Dental Startup Pearl Gets FDA Clearance for AI-Powered X-Ray Platform

Keerthi Vedantam

Keerthi Vedantam is a bioscience reporter at dot.LA. She cut her teeth covering everything from cloud computing to 5G in San Francisco and Seattle. Before she covered tech, Keerthi reported on tribal lands and congressional policy in Washington, D.C. Connect with her on Twitter, Clubhouse (@keerthivedantam) or Signal at 408-470-0776.

​Dental startup Pearl uses its x-rays to show teeth.
Courtesy of Pearl

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A West Hollywood-based startup has received Food and Drug Administration clearance for what it calls the first artificial intelligence-enabled product that can read dental x-rays and identify cavities, plaque and other dental conditions.

Second Opinion is an AI detection platform created by Pearl, a dentistry startup founded in 2019 to leverage machine learning and AI to help dentists detect problems in otherwise healthy teeth. The startup raised $11 million in Series A funding in 2019 from Craft Ventures and Santa Monica-based Crosscut Ventures.

To develop Second Opinion, Pearl gathered over 100 million dental x-rays from dental practices and academic institutions. The AI platform points out discrepancies found in an x-ray and also serves as a patient communication tool, allowing dentists to show different models of a patient’s teeth and point out problem areas.

“I do think that this is going to become very fundamental to the category [of dentistry] very quickly, and therefore will actually serve as a model for the rest of medicine—for how to infuse and deploy a AI widely at scale, with the ultimate benefit and potential of really elevating the standard of care in a provable way,” Pearl founder and CEO Ophir Tanz told dot.LA.

Pearl\u2019s AI program examine teeth.Pearl’s AI program examine teeth.Courtesy of Pearl

The FDA’s clearance comes amid ongoing skepticism from some within the medical community about the effectiveness of AI applications. A presentation made by the American College of Radiology to the FDA in 2020 reported that 95% of clinicians thought AI was too inconsistent or inaccurate to be used by medical practices. Though the FDA is the largest regulatory body in health care, it has no consistent framework for signing off on a piece of AI that can guide diagnostics, such as the number of reference images used, the diversity of its dataset or its accuracy rate. This has slowed down the clinical adoption rate of such technologies—and while the FDA has proposed a framework to address some of these challenges, nothing has been implemented yet.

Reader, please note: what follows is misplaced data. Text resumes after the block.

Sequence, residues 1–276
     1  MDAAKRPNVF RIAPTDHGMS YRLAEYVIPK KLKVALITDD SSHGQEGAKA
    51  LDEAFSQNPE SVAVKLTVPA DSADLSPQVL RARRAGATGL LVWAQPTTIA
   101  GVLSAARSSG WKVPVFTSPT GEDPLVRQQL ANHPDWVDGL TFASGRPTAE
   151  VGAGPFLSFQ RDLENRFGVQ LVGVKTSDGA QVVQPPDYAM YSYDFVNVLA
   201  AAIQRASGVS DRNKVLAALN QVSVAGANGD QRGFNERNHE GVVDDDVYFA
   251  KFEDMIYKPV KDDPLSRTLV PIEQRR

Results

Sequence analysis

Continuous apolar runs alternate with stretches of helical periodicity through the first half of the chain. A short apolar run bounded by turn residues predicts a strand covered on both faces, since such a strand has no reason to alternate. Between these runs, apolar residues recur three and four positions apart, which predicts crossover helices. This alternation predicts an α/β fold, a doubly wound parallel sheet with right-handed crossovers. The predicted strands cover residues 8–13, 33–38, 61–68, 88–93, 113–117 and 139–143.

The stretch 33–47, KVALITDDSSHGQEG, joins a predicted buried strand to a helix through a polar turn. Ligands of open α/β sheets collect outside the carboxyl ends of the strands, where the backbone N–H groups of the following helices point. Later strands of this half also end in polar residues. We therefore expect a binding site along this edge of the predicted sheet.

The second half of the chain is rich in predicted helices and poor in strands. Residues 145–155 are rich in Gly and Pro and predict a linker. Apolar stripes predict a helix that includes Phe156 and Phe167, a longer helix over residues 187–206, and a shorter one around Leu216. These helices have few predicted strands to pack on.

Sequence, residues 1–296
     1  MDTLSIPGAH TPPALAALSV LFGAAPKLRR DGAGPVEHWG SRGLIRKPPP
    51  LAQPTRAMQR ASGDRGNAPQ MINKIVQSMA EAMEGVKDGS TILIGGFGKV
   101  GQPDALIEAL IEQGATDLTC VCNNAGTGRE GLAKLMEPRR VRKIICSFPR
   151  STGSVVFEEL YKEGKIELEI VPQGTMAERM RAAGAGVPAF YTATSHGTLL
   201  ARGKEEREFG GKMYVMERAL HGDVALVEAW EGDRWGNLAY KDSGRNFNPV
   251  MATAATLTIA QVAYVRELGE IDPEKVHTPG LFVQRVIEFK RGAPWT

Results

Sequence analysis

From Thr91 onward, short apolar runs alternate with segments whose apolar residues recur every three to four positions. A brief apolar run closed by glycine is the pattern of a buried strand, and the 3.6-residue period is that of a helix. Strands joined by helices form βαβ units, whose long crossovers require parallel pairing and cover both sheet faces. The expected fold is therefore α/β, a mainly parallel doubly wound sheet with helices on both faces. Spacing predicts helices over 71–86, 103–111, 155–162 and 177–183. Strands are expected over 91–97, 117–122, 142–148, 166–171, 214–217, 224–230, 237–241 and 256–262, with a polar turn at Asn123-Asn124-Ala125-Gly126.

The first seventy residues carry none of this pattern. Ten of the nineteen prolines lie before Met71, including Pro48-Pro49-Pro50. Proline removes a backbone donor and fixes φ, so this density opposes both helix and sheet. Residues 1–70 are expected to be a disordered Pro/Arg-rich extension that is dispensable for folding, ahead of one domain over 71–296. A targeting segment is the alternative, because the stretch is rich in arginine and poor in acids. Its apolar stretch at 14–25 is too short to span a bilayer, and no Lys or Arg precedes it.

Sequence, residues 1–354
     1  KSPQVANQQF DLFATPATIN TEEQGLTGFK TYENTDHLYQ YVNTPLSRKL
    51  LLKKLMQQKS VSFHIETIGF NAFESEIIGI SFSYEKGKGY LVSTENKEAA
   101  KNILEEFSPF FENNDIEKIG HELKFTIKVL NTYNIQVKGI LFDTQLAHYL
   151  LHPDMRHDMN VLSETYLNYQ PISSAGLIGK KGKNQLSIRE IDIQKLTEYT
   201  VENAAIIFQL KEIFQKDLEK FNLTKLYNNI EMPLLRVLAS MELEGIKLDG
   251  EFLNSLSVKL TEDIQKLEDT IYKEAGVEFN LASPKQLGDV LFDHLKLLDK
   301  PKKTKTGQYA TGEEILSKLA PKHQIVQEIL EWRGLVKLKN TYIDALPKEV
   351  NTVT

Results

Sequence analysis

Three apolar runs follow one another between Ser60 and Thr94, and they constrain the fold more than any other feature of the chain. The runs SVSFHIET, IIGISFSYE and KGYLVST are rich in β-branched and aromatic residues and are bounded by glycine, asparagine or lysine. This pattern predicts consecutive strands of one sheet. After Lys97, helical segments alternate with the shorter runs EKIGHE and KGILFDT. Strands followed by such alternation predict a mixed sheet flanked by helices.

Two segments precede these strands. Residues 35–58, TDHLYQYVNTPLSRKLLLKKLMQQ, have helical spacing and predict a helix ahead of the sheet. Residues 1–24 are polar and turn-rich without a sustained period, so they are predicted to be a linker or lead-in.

Second Opinion’s journey to receiving FDA clearance involved a multi-year process to test every single use case that the platform is trained to do—such as identifying tooth decay, plaque, bone lesions around a tooth and a handful of other discrepancies in otherwise-healthy teeth. Receiving FDA clearance entails a separate and different process than receiving FDA approval; while the former indicates that a product is as good as existing alternatives already on the market, the latter requires a different set of processes for more novel or riskier products to prove that their benefits outweigh potential drawbacks. Tanz noted that the FDA sought only clearance for Second Opinion, and neither required nor asked for approval to allow the product to be marketed in the U.S.

A patient goes under the lights in the dentist\u2019s office.A patient goes under the lights in the dentist’s office.Courtesy of Pearl

Though some critics claim that AI can’t pick up on certain nuances that a human dentist might, Pearl contends that those critics often fail to account for the counter-argument of human error. Through the nonprofit Dental AI Council, the startup commissioned a study that found when presenting a panel of 136 dentists with an X-ray to review, roughly half of them found a cavity, while the other half found none.

Tanz said he is not interested in expanding Pearl’s services into radiology at large, and acknowledged that bottlenecks in the FDA process make it harder to develop, clear and adopt similar technology. Already, the startup has received regulatory approvals from Canada, Australia, the U.K., the European Union and the United Arab Emirates, and is working with roughly 4,000 dental organizations and radiograph manufacturers.

“We think of this as a utility, kind of like water or power,” Tanz said. “You're not going to have any dental practice where this is not going to be powering the radiographic side of things… We really do believe that this will be integrated into every practice in the world in a relatively short period of time.”

Update, March 10: This article has been updated to clarify the difference between FDA clearance and FDA approval, and to specify that Pearl's Second Opinion product did not require FDA approval to be marketed in the U.S.

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Los Angeles’ Wage Growth Outpaced Inflation. Here’s What That Means for Tech Jobs

Samson Amore

Samson Amore is a reporter for dot.LA. He holds a degree in journalism from Emerson College and previously covered technology and entertainment for TheWrap and reported on the SoCal startup scene for the Los Angeles Business Journal. Send tips or pitches to and find him on Twitter @Samsonamore.

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Photo by Red Zeppelin on Unsplash

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